James Specker is the Federal and State Advocacy manager for the American Association of Diabetes Educators. AADE Advocacy is responsible for maintaining a national network of diabetes educators to support activities that affect persons with diabetes and public policy related to diabetes education and care.
On Tuesday the American Association of Diabetes Educators kicked off our Annual Meeting & Exhibition in Indianapolis with a state advocacy training for our members who serve as state legislative coordinators. This training covered a number of legislative issues, include a visit to the Indiana State Capitol, a meet and greet with Indiana State Representative David Frizzle and a historical tour of the Lilly Diabetes campus.
The bulk of the training, however, focused on the Supreme Court's ruling on the Affordable Care Act (ACA) and what effect that has on the diabetes educator.
A major component of the ACA is the Essential Health Benefits Package (EHB). The EHB is a comprehensive package of items and services which covers ten broad areas including "prevention and wellness and chronic disease management." Insurance policies must cover these benefits in order to be certified and offered in Exchanges, and all Medicaid state plans must cover these services by 2014.
One key factor that we have discovered in our conversations with state advocacy groups is under the EHB the power to determine who the qualified providers of these services are will be given to the states. The states' will base it on the provider's license and legal scope of practice. Currently there is no legal definition or legal scope of practice (license) for the diabetes educator.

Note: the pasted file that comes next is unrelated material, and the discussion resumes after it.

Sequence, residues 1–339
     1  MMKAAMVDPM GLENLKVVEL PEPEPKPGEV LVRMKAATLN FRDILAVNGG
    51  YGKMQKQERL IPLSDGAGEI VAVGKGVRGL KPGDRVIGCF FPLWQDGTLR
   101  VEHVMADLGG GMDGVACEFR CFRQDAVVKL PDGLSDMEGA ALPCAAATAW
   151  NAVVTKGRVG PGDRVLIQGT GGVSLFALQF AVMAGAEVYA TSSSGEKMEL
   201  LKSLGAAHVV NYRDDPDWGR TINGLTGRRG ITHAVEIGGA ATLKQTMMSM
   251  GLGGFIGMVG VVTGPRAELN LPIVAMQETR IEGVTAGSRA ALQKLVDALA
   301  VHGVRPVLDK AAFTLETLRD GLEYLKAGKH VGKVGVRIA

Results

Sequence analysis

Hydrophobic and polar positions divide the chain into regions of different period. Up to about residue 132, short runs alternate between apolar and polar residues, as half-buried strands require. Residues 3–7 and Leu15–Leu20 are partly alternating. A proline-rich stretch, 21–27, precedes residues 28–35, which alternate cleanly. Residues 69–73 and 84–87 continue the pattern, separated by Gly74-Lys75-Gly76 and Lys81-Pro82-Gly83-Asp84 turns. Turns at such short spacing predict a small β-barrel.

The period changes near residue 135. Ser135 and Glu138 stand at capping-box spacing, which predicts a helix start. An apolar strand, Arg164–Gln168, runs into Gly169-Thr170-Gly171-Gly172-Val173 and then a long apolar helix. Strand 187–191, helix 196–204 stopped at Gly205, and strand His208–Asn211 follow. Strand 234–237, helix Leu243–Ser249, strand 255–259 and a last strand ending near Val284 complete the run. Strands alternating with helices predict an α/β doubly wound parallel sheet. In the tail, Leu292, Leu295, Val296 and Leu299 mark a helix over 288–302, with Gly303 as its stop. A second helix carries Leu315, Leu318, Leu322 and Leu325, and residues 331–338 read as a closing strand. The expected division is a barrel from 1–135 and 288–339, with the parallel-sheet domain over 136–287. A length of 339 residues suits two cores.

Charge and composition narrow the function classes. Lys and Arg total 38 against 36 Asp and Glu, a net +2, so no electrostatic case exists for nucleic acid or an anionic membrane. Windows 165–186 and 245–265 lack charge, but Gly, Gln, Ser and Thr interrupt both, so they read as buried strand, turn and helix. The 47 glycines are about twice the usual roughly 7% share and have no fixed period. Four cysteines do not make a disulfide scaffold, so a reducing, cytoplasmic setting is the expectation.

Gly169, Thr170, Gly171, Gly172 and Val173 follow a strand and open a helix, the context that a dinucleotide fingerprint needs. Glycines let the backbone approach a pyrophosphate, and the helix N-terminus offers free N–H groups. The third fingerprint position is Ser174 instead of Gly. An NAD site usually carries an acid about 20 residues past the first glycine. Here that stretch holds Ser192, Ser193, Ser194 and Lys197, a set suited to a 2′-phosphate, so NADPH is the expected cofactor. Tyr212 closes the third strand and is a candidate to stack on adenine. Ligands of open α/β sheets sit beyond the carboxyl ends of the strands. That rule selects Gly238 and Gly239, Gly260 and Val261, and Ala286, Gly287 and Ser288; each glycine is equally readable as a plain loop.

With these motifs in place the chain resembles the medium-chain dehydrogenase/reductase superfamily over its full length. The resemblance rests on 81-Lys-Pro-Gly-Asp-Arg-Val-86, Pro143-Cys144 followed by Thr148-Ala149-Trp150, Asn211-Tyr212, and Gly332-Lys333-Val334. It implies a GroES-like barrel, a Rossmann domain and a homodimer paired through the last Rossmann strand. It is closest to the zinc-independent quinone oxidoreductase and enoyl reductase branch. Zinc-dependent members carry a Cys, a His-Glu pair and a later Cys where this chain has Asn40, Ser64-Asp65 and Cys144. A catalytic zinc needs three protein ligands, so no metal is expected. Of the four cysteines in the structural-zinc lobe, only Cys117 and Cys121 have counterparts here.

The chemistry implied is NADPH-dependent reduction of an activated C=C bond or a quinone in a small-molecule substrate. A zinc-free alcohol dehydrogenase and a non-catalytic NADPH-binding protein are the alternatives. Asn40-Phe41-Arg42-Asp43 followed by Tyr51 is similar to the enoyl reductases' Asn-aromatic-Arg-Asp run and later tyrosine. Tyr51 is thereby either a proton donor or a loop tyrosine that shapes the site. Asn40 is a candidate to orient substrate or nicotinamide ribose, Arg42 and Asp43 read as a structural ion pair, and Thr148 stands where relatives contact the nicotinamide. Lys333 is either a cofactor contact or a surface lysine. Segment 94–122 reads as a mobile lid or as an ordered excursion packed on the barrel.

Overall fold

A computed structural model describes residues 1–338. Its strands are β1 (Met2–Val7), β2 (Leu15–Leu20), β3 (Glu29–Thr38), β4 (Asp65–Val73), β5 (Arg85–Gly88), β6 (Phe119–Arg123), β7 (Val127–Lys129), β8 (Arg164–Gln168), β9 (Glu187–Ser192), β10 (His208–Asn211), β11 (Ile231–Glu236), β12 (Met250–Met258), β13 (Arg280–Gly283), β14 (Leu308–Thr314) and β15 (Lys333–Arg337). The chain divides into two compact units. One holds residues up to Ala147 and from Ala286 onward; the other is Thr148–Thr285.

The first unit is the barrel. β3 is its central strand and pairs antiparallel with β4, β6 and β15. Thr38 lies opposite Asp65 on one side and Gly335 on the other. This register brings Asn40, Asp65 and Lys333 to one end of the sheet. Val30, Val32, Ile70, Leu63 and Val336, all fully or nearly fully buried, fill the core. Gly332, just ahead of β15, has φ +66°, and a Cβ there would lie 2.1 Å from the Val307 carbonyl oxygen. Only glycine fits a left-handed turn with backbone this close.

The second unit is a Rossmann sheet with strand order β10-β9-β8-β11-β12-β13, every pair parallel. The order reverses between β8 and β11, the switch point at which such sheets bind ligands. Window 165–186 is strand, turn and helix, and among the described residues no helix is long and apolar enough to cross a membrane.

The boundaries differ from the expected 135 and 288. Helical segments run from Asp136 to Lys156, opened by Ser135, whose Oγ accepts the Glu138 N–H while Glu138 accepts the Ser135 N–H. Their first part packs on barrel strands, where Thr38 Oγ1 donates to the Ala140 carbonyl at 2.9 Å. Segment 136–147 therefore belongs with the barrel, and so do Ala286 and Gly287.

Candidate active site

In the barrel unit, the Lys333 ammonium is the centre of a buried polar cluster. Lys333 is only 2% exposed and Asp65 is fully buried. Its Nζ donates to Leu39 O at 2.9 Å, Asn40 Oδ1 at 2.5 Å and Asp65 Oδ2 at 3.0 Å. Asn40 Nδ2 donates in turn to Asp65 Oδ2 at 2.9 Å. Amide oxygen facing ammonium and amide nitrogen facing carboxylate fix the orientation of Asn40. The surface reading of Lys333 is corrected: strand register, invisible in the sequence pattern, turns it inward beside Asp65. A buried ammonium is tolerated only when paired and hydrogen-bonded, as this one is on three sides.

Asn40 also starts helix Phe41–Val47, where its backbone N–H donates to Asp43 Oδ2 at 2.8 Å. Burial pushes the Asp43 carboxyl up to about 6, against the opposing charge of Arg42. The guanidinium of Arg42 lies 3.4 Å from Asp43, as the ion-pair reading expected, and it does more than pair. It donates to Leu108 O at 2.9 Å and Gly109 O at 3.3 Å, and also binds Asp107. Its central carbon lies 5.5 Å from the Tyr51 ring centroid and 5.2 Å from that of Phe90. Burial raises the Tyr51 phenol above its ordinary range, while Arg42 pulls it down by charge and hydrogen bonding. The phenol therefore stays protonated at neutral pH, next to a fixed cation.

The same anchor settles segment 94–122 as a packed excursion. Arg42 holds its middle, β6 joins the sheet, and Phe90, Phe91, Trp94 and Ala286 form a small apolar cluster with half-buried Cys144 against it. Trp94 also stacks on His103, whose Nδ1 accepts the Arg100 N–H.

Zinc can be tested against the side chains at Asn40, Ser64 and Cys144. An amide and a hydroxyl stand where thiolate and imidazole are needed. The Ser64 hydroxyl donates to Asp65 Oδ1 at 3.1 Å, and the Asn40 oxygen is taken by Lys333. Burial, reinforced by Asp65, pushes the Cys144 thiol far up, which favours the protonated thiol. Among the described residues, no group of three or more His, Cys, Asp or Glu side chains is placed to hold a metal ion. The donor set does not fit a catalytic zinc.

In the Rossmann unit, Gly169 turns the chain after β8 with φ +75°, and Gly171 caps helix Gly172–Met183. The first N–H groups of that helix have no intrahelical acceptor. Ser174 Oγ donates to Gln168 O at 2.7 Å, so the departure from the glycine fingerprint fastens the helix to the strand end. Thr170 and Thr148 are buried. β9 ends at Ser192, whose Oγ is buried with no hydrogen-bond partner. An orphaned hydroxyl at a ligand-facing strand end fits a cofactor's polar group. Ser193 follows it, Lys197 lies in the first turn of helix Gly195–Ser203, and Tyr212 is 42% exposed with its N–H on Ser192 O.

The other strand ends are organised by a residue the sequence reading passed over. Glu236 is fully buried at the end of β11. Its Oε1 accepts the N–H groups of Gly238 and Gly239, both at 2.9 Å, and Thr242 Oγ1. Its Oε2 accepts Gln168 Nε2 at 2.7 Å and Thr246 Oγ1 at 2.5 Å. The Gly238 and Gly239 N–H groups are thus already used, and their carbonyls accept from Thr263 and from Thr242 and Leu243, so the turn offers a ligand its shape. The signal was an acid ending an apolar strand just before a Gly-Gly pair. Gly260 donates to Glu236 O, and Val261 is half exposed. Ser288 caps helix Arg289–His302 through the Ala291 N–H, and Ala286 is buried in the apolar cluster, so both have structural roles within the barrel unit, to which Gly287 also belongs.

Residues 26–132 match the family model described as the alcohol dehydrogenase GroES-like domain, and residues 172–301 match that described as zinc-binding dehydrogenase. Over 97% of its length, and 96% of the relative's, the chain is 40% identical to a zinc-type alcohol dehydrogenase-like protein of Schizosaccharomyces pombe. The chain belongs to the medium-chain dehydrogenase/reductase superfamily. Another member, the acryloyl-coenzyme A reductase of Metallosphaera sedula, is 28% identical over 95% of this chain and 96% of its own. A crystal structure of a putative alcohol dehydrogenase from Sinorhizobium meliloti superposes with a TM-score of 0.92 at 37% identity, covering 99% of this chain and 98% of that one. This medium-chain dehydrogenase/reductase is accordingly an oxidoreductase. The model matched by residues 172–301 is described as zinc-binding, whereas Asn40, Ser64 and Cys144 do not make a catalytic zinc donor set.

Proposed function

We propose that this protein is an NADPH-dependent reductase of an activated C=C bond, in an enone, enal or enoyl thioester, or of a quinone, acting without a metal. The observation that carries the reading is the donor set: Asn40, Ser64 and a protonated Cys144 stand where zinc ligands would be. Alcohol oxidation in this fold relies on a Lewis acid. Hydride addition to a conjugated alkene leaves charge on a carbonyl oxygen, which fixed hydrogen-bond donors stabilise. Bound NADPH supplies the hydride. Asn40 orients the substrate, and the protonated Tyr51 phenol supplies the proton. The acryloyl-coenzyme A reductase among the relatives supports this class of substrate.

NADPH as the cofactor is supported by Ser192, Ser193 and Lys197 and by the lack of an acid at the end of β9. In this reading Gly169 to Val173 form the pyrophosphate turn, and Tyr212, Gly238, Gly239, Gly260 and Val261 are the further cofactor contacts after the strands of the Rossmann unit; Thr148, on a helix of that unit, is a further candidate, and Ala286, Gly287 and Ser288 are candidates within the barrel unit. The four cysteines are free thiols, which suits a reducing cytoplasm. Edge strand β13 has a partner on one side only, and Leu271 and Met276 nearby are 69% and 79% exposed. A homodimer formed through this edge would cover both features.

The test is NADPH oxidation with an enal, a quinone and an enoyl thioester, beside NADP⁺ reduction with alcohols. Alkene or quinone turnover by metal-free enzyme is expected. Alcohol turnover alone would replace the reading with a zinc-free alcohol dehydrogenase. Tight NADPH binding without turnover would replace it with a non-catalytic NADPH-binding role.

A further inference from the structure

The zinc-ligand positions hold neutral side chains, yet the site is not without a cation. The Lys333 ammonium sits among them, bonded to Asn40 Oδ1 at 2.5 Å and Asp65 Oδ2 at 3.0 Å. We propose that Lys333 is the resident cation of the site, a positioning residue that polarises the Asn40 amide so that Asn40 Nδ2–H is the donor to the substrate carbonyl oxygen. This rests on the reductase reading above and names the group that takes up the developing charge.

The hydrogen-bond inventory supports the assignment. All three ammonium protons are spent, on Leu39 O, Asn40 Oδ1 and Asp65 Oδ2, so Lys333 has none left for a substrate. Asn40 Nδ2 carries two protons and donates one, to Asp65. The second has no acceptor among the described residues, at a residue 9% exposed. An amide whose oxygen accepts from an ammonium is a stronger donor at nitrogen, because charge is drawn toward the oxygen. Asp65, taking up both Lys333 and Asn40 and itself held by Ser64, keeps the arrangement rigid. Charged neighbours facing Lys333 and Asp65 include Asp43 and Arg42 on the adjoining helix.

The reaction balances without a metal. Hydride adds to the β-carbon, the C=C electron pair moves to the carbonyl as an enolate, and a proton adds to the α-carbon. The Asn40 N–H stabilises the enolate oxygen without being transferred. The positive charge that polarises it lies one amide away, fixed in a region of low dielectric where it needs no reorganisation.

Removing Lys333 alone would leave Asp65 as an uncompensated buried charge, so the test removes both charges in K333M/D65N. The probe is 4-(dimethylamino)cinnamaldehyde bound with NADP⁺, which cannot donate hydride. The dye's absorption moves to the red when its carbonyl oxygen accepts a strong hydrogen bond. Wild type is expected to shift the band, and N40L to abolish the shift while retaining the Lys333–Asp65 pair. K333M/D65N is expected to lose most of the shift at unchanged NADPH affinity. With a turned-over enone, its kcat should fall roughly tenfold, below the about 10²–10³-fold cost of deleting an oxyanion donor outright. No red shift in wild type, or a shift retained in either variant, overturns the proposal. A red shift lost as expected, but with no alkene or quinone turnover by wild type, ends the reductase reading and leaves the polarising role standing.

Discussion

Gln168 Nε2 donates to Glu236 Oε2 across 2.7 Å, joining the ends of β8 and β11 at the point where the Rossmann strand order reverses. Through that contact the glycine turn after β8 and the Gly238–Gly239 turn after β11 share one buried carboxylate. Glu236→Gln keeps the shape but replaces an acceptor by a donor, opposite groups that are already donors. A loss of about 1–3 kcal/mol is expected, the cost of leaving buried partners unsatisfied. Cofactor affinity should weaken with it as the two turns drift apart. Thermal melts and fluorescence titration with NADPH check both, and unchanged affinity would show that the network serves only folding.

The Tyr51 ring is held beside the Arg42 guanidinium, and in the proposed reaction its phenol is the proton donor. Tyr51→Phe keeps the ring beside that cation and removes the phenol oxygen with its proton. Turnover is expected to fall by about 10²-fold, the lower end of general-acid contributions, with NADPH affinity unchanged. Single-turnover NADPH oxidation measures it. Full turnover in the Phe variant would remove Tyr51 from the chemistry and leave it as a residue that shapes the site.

Without this "legal" definition, diabetes educators will continue to be self-defined. While payors may continue to reimburse for the diabetes education service (DSMT), they may not recognize (reimburse) the true provider of these services - the qualified diabetes educator. Possessing a credential alone does not allow permission for the individual to manage diabetes beyond the limitations of their individual primary professional license or registration.
How are we responding? Under the direction of the AADE Board of Directors and in an effort to gain recognition for the qualified diabetes educator we have embarked on a state licensure initiative.
We believe that it is imperative that diabetes health care professionals be well educated and appropriately credentialed to ensure that those who are qualified are providing care. Licensure of the diabetes educator will provide consumer protection, professional recognition and setting quality guidelines for the profession.
The new regulations stemming from the ACA and EHB should expedite the need for states to seriously consider pursuing licensure as a means to meet the demand for qualified diabetes educators, combat the growing prevalence of diabetes, and protect the profession and practice of diabetes education.
All questions regarding this initiative can be directed to James Specker, Advocacy Manager, AADE at firstname.lastname@example.org